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Hum Mol Genet. 2017 Nov 15;26(22):4340-4351. doi: 10.1093/hmg/ddx320.

LRRK2 G2019S-induced mitochondrial DNA damage is LRRK2 kinase dependent and inhibition restores mtDNA integrity in Parkinson's disease.

Author information

1
Department of Neurology, Pittsburgh Institute for Neurodegenerative Diseases.
2
Department of Medicine, Center for Metabolism and Mitochondrial Medicine, University of Pittsburgh, Pittsburgh, PA 15260, USA.
3
Parkinson's Institute and Clinical Center, Sunnyvale, CA 94085, USA.
4
Department of Neurology, Duke University Medical Center, Durham, NC 27710, USA.

Abstract

Mutations in leucine-rich repeat kinase 2 (LRRK2) are associated with increased risk for developing Parkinson's disease (PD). Previously, we found that LRRK2 G2019S mutation carriers have increased mitochondrial DNA (mtDNA) damage and after zinc finger nuclease-mediated gene mutation correction, mtDNA damage was no longer detectable. While the mtDNA damage phenotype can be unambiguously attributed to the LRRK2 G2019S mutation, the underlying mechanism(s) is unknown. Here, we examine the role of LRRK2 kinase function in LRRK2 G2019S-mediated mtDNA damage, using both genetic and pharmacological approaches in cultured neurons and PD patient-derived cells. Expression of LRRK2 G2019S induced mtDNA damage in primary rat midbrain neurons, but not in cortical neuronal cultures. In contrast, the expression of LRRK2 wild type or LRRK2 D1994A mutant (kinase dead) had no effect on mtDNA damage in either midbrain or cortical neuronal cultures. In addition, human LRRK2 G2019S patient-derived lymphoblastoid cell lines (LCL) demonstrated increased mtDNA damage relative to age-matched controls. Importantly, treatment of LRRK2 G2019S expressing midbrain neurons or patient-derived LRRK2 G2019S LCLs with the LRRK2 kinase inhibitor GNE-7915, either prevented or restored mtDNA damage to control levels. These findings support the hypothesis that LRRK2 G2019S-induced mtDNA damage is LRRK2 kinase activity dependent, uncovering a novel pathological role for this kinase. Blocking or reversing mtDNA damage via LRRK2 kinase inhibition or other therapeutic approaches may be useful to slow PD-associated pathology.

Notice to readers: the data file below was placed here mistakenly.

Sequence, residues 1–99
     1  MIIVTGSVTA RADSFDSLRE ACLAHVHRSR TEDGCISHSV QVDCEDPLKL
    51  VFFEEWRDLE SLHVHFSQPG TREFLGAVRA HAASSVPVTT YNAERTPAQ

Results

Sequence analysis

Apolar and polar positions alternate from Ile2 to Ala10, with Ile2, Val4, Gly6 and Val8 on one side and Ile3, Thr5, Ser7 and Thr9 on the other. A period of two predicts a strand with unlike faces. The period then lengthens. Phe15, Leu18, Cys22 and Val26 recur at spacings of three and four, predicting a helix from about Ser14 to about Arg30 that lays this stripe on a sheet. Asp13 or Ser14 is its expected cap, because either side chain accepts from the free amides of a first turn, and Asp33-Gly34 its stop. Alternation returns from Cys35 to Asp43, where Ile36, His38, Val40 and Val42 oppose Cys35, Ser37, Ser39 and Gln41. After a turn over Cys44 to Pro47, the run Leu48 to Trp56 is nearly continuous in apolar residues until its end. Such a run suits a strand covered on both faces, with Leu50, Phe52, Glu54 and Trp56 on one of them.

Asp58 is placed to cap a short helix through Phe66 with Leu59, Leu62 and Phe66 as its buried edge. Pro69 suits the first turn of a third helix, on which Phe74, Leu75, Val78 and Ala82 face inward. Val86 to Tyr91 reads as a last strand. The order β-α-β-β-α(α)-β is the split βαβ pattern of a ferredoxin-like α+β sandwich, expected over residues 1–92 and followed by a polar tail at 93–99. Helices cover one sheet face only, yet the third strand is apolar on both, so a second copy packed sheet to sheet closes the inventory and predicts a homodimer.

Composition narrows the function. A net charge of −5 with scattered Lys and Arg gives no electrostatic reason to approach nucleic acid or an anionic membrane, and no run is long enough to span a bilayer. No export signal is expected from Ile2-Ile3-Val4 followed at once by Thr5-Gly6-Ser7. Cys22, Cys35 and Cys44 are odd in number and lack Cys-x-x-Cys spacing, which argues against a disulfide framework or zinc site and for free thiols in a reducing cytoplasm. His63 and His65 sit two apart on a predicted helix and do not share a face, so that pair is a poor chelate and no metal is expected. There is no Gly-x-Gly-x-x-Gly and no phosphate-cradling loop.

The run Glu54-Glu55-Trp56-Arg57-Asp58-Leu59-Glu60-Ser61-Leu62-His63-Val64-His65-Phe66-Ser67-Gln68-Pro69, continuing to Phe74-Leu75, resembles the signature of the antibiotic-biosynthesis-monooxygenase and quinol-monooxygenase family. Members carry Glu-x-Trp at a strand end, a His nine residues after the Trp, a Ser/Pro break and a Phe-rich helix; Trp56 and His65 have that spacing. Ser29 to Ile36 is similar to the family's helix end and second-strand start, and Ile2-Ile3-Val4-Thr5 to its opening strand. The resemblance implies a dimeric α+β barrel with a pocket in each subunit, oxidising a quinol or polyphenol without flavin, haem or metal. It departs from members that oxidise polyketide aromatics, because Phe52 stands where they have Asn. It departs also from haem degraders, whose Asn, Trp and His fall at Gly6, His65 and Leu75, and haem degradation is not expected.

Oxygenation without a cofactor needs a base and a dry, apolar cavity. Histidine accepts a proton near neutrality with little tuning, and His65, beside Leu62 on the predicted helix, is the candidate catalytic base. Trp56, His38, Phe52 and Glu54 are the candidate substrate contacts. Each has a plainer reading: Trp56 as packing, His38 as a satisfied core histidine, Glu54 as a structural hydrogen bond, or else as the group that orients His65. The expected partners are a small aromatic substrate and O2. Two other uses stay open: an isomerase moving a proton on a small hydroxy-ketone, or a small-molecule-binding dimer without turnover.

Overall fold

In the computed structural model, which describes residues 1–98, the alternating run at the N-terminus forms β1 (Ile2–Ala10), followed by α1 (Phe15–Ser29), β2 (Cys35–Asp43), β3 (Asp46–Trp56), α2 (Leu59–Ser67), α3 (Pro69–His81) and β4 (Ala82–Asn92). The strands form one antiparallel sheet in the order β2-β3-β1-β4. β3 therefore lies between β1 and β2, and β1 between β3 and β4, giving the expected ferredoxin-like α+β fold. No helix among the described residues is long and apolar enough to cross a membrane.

PMID:
28973664
PMCID:
PMC5886254
DOI:
10.1093/hmg/ddx320
[Indexed for MEDLINE]
Free PMC Article

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